The story of 1980s Liverpool shows what happens when a city tries to rebel

Liverpool, more recently than the 1980s. Image: Getty.

In June 1984, Patrick Jenkin, the minister responsible for housing in Margaret Thatcher’s government, went to Liverpool. His trip came at a time of stand-off between the government and the hard left Labour council, which was refusing to enforce the cuts the former was demanding of an already struggling city. 

Jenkin was taken on a tour of some of the city’s worst slums; councillors had asked the disgruntled residents ahead of time to be polite. The plan worked. Jenkin emerged from the rat-infested terraces and declared: “I have seen houses here the likes of which I have never seen before.” 

As far as political epiphanies go, Jenkin’s Liverpool enlightenment left Iain Duncan Smith’s Easterhouse epiphany in the dust. Backroom channels opened between the council and the Cabinet. That summer, a deal was hammered out, with the help of a lot of creative accounting. 

And so, Liverpool’s brinkmanship seemed to have paid off. Despite the discomfort of central leadership, other Labour-held cities were so impressed that they began to plan their own act of defiance against Thatcher's plan to make them cut spending. Those involved included future household names, including David Blunkett (Sheffield) and John McDonnell (Lambeth). 

The idea behind what became known as the 1985 “rate-capping rebellion” was simple: no council would set a rate - the forerunner to council tax – for the following year. This allowed councils to avoid the politically toxic decision of raising taxes or cutting spending while in turn forcing the Westminster government to give up its plan of outsourcing austerity, or directly intervene. As the biggest rebel of the lot, Liverpool felt obliged to join in, although even at the time many councillors – including those on the left – feared that it would end in disaster.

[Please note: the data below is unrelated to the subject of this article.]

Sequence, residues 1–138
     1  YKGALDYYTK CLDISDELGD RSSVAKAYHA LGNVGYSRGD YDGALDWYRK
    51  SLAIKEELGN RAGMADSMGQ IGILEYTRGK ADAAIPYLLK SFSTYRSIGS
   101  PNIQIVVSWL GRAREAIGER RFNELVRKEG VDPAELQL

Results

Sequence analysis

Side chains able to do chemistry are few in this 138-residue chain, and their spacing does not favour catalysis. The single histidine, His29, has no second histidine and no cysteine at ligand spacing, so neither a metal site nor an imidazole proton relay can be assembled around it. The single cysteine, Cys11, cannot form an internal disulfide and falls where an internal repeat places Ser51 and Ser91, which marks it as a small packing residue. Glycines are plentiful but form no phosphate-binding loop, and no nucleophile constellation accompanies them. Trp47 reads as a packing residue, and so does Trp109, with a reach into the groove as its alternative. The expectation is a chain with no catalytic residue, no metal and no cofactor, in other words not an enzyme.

And that was pretty much what happened. One by one, the councils caved in. Some leaders were overruled after Labour councillors defected to the opposition. Others were sufficiently scared by the threat of legal action to find a fudge. Meanwhile, the Labour leadership made its opposition clear and, with the Miners’ Strike over, Thatcher was ready for her next battle. 

Finally, just Liverpool and Lambeth were left. In June, Liverpool set a rate – although such a ridiculously low one it effectively meant an illegal budget. Support for this gesture was remarkably wide. According to the writer Michael Parkinson, one defiant backbench councillor said at the time: “I’m not a Marxist, I don’t even believe in all this political stuff. I just don’t think it’s fair.” In Lambeth, a legal budget was eventually passed in July 1985, but not before one councillor put another in a headlock

Despite these final acts of defiance, the rate-capping rebellion ended in failure. The Lambeth and Liverpool councillors were expelled and pursued through the courts. Thatcher sacked Jenkin, the minister who’d been so moved by what he saw in Liverpool and passed new laws setting deadlines for council budgets. Councils have never again launched such an audacious attempt to force the government’s hand.